This project is funded by the Department of Transport on Future of Aviation Security Solutions (FASS) programme, and supported by the Rutherford Appleton Laboratory and Aveillant Limited. The overarching aim of this PhD programme is to develop a suite of next generation-ready, artificial intelligence (AI)-inspired signal processing algorithms for surveillance of small drones using staring radars and handle the vast volumes of data generated by such sensors. A particular focus will be given to achieve performance levels surpassing what is currently achievable.
Drones are becoming an integral part of today’s society, from entertainment to aiding with disaster recovery. However, when these small drones, intentionally or unintentionally, share a part of the airspace used by civilian and military aircrafts, it can be catastrophic both to national security and to public safety. For instance, the incident in 2018 near Gatwick airport caused a significant financial damage, resulting in thousands of flights being cancelled.
The technological challenge here are many-fold: early detection of drones, differentiating them from other similar-looking targets, such as birds, and thereby enabling the authorities to take appropriate action within short period of time. On this note, University of Birmingham is leading a ground-breaking research on three-dimensional staring radar for surveillance of small airborne targets and have purchased two Aveillant Gamekeeper radars to provide a dedicated test-bed for a number of research programmes that leverages this technology. Unlike a conventional rotating radar, the staring radar provides unprecedented visibility of all targets with much better temporal coverage. Although the staring radar technology provides several advantages, the key challenge is that the increased sensitivity in detection comes with the need for identifying relevant targets among a huge volume of data. Although ad-hoc approaches, such as enhancing existing tracking algorithms or even using AI on top of available technologies, can address this problem for now, those approaches are of short-term in nature, and will not scale with the data volume or with the technology. Hence, developing unified approaches that are theoretically sound and robust, is rather crucial for ensuring that the UK remains at the forefront of aviation security.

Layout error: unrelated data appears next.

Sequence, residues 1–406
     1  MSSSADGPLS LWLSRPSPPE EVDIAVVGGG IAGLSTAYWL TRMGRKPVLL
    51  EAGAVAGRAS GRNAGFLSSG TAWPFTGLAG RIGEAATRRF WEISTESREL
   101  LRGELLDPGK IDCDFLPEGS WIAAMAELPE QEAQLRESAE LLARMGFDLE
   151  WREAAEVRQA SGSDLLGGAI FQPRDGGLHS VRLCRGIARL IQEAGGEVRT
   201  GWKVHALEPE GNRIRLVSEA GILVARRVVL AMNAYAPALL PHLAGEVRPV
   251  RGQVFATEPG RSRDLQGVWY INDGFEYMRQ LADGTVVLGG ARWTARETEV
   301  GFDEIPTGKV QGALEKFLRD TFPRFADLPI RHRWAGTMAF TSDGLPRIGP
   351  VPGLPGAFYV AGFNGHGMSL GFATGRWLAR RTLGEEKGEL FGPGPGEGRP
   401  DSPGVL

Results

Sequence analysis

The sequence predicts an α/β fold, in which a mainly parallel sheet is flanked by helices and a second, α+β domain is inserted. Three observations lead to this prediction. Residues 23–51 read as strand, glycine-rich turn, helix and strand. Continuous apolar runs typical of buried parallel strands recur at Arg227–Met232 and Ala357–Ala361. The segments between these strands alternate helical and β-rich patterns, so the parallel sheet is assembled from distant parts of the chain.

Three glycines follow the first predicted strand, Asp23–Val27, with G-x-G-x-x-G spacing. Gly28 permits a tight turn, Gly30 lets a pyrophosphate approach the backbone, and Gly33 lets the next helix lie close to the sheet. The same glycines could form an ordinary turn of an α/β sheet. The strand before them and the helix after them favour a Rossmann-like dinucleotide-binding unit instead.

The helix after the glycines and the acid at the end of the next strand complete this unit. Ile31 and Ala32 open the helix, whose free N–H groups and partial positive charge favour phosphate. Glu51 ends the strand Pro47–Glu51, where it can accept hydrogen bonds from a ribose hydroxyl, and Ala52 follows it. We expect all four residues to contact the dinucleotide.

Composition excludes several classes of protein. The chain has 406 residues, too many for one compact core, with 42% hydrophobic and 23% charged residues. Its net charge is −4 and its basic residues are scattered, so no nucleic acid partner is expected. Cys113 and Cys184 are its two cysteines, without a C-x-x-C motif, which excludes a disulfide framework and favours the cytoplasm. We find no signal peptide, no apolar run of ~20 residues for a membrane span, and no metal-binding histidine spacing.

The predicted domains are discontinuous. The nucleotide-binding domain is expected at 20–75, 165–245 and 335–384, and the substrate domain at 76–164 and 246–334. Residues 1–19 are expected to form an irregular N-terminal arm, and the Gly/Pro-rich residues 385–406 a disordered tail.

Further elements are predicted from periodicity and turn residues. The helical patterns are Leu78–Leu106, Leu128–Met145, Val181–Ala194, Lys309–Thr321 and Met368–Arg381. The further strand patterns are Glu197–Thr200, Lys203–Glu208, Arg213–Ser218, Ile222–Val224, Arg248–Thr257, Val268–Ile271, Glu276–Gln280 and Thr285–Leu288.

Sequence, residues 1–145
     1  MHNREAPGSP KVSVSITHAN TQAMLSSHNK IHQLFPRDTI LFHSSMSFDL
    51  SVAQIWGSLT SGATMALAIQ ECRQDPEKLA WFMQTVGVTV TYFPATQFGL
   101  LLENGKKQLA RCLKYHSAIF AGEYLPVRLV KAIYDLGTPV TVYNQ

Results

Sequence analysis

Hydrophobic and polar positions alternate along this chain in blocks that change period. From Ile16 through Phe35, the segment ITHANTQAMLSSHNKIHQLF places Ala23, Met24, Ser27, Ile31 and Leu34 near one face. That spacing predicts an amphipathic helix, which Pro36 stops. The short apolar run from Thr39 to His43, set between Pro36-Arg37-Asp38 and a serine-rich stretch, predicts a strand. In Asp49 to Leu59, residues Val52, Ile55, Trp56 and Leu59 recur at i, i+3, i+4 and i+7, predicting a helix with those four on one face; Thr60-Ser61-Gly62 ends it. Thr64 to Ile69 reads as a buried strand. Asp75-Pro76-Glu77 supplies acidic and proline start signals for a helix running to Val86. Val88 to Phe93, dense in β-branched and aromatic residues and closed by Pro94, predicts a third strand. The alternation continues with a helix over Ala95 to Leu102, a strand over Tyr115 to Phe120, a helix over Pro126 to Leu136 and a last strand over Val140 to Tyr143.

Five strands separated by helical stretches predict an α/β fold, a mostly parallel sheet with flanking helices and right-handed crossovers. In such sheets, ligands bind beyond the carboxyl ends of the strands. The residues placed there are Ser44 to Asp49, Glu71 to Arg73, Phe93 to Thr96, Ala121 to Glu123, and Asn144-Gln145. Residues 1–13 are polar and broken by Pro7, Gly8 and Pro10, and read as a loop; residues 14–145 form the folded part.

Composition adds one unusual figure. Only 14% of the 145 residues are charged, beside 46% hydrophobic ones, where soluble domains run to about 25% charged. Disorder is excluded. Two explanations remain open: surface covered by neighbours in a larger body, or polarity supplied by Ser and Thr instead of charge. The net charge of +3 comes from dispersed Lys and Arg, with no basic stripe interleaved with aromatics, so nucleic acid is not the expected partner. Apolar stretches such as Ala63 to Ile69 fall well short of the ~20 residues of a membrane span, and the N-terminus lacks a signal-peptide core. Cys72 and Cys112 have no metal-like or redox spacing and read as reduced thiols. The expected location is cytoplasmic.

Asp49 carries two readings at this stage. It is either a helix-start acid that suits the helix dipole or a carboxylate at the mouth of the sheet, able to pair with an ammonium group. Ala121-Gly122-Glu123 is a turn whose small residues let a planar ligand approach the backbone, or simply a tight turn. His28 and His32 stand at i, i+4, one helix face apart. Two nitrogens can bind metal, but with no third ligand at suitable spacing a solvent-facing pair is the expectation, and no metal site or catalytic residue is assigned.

This PhD project will be aimed at building the necessary mathematical and computational framework for intelligently detecting, tracking and discriminating small drone-like targets against others. The objectives of the PhD programme are to:
• Investigate AI-driven solutions for the detection of faint targets in complex data space;
• Develop AI-driven models for generating synthetic data, that can complement the real data, so as to address complex scenarios;
• Develop an integrated algorithm that would leverage both real and synthetic data for improving the detection and differentiation of drones;
• Develop AI-inspired algorithms for managing fragmented tracks (such as track stitching), to handle untimely track termination and/or track-initiation, and to improve the track quality.
The project is ideally suited to graduates with a good quality degree in Electrical Engineering, Physics or similar subject. Some knowledge of radar signal processing or machine learning and familiarity with MATLAB and C/C++ programming would be an advantage. The successful candidate will conduct their research at the Microwave Integrated Systems Laboratory at the University of Birmingham, which comprises some 30 researchers on radar technologies and has a suite of state-of-the-art radar testing facilities and instrumentation.
Informal enquiries to Dr Mohammed Jahangir [email protected]
or telephone 0781 5775971 and Professor Chris Baker, [email protected]